First fuel ship allowed in Yemen’s Hodeida as part of truce
CAIRO (AP) — A tanker carrying badly needed fuel arrived in Yemen’s blockaded port of Hodeida on Sunday, as a cease-fire meant to stop the fighting in the war-torn country for two months entered its first full day.
The truce agreement, which took effect Saturday evening, allows for shipments of fuel to arrive in Hodeida and for passenger flights to resume from the airport in the capital of Sanaa. Both Hodeida and Sanaa are held by the Iranian-backed Houthi rebels.
The agreement comes after a significant escalation in hostilities in recent weeks that saw the Houthis claim several attacks across the country’s borders, targeting the United Arab Emirates and Saudi Arabia.
Essam al-Motwakel, spokesman for the Houthi-run oil corporation, said the Saudi-led coalition allowed the vessel — carrying mazut, a low-quality fuel oil — into the port at Hodeida. The port handles about 70% of Yemen’s commercial and humanitarian imports.
He called on U.N. envoy Hans Grundberg, to work with the coalition and accelerate the arrival of other vessels to ease a longtime fuel crisis in Houthi-held areas.
During the two-month truce, the Saudi-led coalition will allow 18 vessels carrying fuel into the port of Hodeida, and two commercial flights a week from the Yemeni capital to Jordan and Egypt, according to a copy of the truce obtained by The Associated Press.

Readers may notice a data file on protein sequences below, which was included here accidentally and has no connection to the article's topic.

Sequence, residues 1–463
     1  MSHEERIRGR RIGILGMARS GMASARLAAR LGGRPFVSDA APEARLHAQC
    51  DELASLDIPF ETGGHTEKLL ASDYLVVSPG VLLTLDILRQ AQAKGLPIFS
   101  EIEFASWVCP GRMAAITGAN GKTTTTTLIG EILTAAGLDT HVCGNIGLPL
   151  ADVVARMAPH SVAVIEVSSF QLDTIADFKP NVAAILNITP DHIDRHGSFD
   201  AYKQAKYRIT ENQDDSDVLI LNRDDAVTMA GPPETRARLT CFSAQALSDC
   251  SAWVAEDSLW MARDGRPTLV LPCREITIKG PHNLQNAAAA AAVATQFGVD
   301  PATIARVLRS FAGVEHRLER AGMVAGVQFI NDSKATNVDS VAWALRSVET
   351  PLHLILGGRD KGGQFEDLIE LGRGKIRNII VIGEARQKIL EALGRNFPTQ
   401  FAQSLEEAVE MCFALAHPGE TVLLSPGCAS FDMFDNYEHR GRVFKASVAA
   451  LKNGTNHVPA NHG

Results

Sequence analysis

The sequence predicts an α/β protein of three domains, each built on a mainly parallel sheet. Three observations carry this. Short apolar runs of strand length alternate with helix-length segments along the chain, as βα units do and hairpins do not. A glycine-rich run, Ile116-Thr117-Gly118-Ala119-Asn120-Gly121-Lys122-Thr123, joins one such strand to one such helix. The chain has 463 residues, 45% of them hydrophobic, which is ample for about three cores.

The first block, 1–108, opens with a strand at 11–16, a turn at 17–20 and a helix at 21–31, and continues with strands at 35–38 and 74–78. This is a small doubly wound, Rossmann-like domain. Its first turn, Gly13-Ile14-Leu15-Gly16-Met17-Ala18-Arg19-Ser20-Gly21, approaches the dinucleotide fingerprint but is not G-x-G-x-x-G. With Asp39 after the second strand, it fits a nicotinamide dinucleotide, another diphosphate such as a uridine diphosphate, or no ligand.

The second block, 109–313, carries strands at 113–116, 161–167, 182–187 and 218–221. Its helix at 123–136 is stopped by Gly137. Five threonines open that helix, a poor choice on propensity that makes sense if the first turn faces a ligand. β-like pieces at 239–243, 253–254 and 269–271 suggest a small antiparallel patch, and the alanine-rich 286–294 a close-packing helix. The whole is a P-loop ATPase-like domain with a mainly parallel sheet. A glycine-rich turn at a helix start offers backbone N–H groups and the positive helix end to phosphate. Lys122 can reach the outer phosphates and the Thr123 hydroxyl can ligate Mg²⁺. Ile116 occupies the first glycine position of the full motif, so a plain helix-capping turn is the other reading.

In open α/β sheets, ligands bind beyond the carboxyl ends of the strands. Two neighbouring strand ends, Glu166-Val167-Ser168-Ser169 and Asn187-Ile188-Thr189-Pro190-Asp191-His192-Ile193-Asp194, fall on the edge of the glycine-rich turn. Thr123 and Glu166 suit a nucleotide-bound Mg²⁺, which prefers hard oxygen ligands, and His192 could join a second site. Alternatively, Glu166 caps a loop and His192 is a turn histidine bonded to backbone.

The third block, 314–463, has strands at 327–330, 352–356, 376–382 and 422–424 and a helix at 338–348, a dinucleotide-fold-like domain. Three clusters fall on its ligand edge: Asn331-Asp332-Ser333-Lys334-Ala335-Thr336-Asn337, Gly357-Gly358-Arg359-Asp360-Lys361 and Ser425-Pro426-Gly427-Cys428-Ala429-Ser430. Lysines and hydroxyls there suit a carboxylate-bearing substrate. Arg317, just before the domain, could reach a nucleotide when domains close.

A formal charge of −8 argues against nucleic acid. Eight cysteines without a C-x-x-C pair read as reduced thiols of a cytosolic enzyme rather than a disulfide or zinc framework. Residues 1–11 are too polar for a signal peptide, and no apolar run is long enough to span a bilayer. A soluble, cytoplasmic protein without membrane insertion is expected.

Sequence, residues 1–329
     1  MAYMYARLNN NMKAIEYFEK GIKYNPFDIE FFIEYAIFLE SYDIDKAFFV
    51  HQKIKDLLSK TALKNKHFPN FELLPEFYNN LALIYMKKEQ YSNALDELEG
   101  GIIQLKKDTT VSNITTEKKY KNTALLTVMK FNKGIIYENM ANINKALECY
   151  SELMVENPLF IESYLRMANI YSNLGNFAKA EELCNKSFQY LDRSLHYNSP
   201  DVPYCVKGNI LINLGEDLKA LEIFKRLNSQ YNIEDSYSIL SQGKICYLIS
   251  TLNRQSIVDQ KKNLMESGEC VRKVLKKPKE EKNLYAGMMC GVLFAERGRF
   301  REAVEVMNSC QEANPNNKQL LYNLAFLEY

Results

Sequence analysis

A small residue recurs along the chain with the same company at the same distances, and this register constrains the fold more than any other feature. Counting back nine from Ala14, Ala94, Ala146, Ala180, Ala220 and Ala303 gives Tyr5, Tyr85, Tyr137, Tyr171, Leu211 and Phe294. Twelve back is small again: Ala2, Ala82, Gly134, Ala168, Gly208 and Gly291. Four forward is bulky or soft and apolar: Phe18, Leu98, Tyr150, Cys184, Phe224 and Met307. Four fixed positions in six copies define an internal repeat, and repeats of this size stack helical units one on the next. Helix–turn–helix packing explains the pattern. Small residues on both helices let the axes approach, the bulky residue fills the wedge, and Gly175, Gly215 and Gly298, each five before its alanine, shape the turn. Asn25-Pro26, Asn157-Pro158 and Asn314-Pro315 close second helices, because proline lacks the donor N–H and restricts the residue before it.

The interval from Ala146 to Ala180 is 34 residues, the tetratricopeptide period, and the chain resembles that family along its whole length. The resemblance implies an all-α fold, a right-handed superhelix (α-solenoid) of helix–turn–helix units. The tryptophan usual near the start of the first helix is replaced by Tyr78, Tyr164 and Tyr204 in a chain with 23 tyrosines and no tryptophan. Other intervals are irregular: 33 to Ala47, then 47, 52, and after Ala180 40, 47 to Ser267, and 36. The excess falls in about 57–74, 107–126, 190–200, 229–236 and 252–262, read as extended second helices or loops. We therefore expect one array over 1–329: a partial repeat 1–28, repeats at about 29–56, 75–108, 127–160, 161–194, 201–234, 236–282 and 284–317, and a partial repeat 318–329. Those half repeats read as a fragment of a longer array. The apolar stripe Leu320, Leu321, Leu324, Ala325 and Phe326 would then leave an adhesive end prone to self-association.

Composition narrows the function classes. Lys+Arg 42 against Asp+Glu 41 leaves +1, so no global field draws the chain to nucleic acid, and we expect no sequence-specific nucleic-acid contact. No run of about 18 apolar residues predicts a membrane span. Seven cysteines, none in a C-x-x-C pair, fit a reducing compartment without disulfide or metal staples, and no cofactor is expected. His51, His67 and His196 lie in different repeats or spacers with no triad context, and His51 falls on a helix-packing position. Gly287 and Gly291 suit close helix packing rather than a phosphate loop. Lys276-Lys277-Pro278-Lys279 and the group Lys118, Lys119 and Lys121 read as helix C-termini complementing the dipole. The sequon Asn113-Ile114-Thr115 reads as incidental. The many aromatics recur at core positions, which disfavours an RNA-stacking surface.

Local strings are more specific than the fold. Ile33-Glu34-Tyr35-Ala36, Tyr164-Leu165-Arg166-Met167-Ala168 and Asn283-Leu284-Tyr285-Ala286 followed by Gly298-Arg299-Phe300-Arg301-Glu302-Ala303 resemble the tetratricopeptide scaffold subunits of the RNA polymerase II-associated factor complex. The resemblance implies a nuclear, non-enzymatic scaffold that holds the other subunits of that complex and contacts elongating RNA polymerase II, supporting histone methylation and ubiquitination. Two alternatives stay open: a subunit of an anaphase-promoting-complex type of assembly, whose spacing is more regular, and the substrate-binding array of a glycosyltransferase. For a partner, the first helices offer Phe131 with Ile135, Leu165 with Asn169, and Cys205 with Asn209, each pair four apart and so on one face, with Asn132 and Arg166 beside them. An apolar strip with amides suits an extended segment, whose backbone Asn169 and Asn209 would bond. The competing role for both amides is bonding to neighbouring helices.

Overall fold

The U.N. envoy has called for both sides to agree on opening roads around Taiz and other provinces, the cease-fire document said. Taiz, which remains partially held by the forces fighting on behalf of the internationally recognized government, has been blockaded by the Houthis for years.
“The success of this initiative will depend on the warring parties’ continued commitment to implementing the truce agreement with its accompanying humanitarian measures,” Grundberg said Saturday in announcing the truce had taken effect.
As the truce entered its first full day on Sunday, the AP spoke to a half dozen Yemenis who hoped the truce would not collapse as other cease-fires have.
“It’s good, but we learned from past experience that it could collapse anytime,” said Amer al-Hubani, a civil servant in the city of Taiz. “We hope things move smoothly this time.”
Arafat al-Sabari, a 32-year-old laborer who lives with his six children in the Sweida displaced persons camp near the central city of Marib, was also skeptical.
“We hope it stands, but unfortunately ground fighting continued until late at night after the truce,” he said. The Houthis have tried to seize Marib repeatedly over the past year.
The U.N.-announced cease-fire, supported by both sides, is the first time since 2018 that the two sides have publicly agreed on such an initiative. At a meeting in the Swedish capital of Stockholm, leaders set a framework that called for a halt in fighting in Hodeida and an exchange of more than 15,000 prisoners. The deal, seen as an important first step toward ending the conflict, was never fully implemented.
The conflict in Yemen began with the 2014 takeover of Sanaa by the Houthis. A Saudi-led coalition allied with the government has been fighting the Houthis since March 2015.
The war in Yemen has spawned the world’s worst humanitarian crisis, leaving millions suffering from food and medical shortages. It has killed over 150,000 people, including fighters and civilians, according to a database project that tracks violence.
Separately, a fire broke out Sunday in a camp for displaced persons near Marib, killing at least seven people including five children, said Saleh Nasser, head of a local coordination office for displaced people.
He said the fire in the Shabwani camp was caused by an electric short circuit. It also injured another person, and destroyed the shelters of two families, he added.